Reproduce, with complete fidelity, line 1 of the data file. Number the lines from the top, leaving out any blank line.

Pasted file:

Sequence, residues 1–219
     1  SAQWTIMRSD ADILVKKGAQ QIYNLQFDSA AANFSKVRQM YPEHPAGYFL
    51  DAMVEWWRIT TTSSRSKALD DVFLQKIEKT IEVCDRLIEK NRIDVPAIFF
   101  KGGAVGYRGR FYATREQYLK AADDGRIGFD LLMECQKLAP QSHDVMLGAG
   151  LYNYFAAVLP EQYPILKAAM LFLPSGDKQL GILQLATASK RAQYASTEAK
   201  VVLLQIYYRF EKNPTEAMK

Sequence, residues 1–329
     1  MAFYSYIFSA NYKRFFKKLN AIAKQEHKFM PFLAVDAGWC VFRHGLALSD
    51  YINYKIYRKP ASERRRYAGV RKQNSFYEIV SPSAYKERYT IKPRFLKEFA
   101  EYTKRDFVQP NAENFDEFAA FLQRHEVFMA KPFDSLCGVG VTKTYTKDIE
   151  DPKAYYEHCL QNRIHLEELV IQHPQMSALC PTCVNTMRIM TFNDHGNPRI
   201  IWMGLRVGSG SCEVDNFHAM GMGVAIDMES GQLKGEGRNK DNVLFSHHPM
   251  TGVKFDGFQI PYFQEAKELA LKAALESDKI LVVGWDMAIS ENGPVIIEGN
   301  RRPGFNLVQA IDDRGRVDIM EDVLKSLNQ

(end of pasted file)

Sequence, residues 1–219